Th2 Pressure Measurement and Calibration

Topics: Pressure, Atmospheric pressure, Pascal Pages: 9 (1573 words) Published: September 19, 2012



Pressure Measurement and Calibration
1. Objective:
To convert an arbitrary scale of pressure sensor output into engineering units. To calibrate a semiconductor pressure sensor.

2. Equipment:

The equipment comprises a Dead-weight Pressure Calibrator (DPC), Bourdon gauge and diaphragm-type pressure sensor.
The DPC consists of a precision ground piston and cylinder with a set of weights. In normal use, the required combination of weights is applied to the piston to produce the required pressure, and the piston is then spun to reduce vertical friction while the readings from the sensors are taken. The Bourdon gauge is a traditional instrument with a rotary scale and mechanical indicator. The clear dial face allows observation of the mechanism. The dial is calibrated both in arbitrary units (degrees of rotation) and engineering units of pressure (kN/m² or kPa).

The electronic pressure sensor incorporates a semi-conductor diaphragm that deflects when pressure is applied by the working fluid. The deflection generates a voltage output that is proportional to the deflection, and hence to the applied pressure.

The two pressure sensors are mounted on a manifold block with a reservoir to contain the hydraulic fluid. An isolating valve allows the water flow to be restricted, to demonstrate the effect of damping. The voltage from the electronic pressure sensor is displayed on a digital meter on the electrical console. An additional conditioning circuit incorporates zero and span adjustments, and allows the voltage output from the pressure sensor to be converted and displayed as a direct pressure reading. The zero and span controls are mounted on the front of the console, and a selector switch allows the voltage output or the direct reading to be displayed as required.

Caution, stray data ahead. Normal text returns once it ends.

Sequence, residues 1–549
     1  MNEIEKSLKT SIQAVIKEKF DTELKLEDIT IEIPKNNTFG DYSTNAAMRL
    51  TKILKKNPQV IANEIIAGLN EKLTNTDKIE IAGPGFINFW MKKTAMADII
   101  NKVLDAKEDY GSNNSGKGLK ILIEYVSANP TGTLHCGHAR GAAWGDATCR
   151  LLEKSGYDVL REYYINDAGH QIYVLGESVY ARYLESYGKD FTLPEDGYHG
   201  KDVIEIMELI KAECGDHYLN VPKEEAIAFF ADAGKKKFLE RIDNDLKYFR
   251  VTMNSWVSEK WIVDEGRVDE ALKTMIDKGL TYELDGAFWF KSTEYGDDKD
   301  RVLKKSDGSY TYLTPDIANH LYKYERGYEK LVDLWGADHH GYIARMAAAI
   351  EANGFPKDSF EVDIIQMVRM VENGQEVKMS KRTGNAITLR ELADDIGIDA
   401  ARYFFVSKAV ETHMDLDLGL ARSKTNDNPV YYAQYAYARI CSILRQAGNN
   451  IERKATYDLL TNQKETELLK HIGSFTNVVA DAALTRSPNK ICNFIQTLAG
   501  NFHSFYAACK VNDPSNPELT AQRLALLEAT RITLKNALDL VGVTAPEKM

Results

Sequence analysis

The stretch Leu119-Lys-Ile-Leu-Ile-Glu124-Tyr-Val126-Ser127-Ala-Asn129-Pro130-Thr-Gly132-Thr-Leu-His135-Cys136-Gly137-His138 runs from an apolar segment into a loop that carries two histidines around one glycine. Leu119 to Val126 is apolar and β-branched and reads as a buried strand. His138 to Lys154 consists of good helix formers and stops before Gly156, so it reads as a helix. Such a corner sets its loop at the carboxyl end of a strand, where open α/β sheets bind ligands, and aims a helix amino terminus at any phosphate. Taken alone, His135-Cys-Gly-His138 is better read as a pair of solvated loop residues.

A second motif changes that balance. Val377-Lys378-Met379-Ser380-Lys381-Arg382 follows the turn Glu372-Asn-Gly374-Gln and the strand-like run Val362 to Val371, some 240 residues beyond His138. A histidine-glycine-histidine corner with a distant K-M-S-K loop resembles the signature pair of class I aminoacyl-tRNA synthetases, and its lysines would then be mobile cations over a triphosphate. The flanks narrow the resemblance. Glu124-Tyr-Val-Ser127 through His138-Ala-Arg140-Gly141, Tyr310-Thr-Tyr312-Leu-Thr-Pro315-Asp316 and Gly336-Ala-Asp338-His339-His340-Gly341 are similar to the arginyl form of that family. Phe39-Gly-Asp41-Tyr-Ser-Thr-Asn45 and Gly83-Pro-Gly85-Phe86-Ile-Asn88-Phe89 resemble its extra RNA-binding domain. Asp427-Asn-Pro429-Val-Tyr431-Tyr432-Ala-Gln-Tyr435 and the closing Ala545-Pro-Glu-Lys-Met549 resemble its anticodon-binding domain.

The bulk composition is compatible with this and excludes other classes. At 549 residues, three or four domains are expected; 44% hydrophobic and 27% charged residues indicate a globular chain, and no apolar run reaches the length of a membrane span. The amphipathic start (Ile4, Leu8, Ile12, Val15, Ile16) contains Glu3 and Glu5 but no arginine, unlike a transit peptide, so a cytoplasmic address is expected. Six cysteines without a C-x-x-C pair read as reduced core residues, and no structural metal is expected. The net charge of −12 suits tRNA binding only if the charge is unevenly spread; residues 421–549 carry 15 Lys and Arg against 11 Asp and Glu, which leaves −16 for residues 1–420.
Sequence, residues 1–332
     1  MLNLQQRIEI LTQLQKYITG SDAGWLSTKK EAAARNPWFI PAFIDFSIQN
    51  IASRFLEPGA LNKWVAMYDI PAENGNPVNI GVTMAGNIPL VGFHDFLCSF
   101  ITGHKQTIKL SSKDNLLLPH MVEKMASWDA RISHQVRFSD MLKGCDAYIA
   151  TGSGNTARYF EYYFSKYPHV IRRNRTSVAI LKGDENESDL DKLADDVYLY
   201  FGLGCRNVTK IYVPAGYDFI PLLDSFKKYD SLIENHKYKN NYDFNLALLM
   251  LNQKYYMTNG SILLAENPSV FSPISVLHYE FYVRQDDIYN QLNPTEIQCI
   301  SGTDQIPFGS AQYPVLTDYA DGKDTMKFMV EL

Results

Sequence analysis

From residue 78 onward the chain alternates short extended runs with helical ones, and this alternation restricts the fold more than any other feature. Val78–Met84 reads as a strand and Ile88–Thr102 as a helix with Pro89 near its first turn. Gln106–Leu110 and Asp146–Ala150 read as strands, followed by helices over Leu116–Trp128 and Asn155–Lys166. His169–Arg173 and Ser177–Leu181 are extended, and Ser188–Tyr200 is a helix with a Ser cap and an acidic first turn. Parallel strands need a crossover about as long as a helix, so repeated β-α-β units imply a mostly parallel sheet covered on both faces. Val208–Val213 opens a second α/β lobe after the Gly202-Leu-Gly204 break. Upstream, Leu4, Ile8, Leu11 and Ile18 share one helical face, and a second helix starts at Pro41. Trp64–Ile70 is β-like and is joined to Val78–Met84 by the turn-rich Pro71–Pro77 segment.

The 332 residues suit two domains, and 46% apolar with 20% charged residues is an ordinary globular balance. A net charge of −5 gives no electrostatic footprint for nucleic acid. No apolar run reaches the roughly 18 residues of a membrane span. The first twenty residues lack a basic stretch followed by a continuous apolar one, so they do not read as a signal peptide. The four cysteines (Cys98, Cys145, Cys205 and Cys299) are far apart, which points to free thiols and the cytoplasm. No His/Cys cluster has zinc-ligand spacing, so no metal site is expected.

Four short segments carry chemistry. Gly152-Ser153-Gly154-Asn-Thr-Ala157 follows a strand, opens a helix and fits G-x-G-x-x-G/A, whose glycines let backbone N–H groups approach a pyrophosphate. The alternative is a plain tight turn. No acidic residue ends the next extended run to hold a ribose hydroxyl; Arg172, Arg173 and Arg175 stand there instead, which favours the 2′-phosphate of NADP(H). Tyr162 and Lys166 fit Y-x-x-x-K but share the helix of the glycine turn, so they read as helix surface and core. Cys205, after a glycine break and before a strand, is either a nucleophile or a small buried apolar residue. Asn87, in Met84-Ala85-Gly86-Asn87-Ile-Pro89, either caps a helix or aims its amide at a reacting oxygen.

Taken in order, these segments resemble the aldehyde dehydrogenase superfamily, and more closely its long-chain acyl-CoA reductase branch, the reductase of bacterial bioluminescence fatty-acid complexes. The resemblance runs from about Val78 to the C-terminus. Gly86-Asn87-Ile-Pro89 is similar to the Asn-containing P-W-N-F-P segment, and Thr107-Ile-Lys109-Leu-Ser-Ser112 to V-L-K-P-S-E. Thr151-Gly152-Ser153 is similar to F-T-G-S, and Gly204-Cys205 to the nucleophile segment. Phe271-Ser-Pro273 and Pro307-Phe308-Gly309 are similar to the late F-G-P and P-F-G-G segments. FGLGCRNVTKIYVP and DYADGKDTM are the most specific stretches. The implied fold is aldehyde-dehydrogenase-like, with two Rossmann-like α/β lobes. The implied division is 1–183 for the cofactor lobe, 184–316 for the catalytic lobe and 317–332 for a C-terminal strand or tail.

3. Theory:
Pressure sensor calibration
Variation in a pressure sensor reading may be calibrated, using known pressures, to give a gauge reading in engineering units. As has been seen in exercise A, the dead-weight calibrator used in the TH2 produces a known reference pressure by applying a mass to a column of fluid. The pressure produced is


Fa = gMa, and


Fa is the force applied to the liquid in the calibrator cylinder. Ma is the total mass (including that of the piston)
g is the acceleration due to gravity, and
A is the area of piston.
The area of the piston can be expressed in terms of its diameter, d, as:

The pressure in the fluid may then be calculated in the relevant engineering units. These known pressures may then be compared to the pressure sensor outputs over a range of pressures. The relationship between sensor output and pressure may be turned into a direct scale, as on the Bourdon gauge scale. Alternatively, a reference graph may be produced. Where the relationship is linear and the sensor output is electrical, the sensor may be calibrated using simple electronics.

When using SI units, the units of pressure are Newtons per square meter (N/m², also known as Pascals). To calculate the pressure in N/m², M must be in kg, d in m, and g in m / s². For the pressure range covered in this exercise, it will be more convenient to use units of kN/m², where 1 kN/m² = 1000 N/m² (1 N/m² = 0.001 kN/m²). Barometric pressure: Pressure units and scale conversion

Barometric pressures are frequently measured in bar. One bar is equal to a force of 105 N applied over an area of 1m². While bar and N/m² have the same scale interval, pressures in bar frequently have more convenient values when measuring barometric pressure.

Pressure may also be measured in millimetres of mercury (mmHg). The pressure is given in terms of the height of a column of mercury that would be required to exert an equivalent pressure to that being measured. Another possible unit of...
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